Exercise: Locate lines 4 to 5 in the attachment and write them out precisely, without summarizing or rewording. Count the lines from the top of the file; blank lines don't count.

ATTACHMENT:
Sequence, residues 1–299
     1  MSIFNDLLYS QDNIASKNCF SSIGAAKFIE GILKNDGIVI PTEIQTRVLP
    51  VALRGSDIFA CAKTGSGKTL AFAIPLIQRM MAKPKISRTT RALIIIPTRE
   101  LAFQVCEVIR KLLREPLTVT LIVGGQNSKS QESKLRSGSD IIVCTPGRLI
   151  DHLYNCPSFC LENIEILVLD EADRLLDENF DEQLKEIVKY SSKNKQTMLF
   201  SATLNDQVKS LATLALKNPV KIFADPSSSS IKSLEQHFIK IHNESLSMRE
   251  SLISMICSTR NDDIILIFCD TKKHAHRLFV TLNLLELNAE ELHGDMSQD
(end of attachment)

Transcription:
   101  LAFQVCEVIR KLLREPLTVT LIVGGQNSKS QESKLRSGSD IIVCTPGRLI
   151  DHLYNCPSFC LENIEILVLD EADRLLDENF DEQLKEIVKY SSKNKQTMLF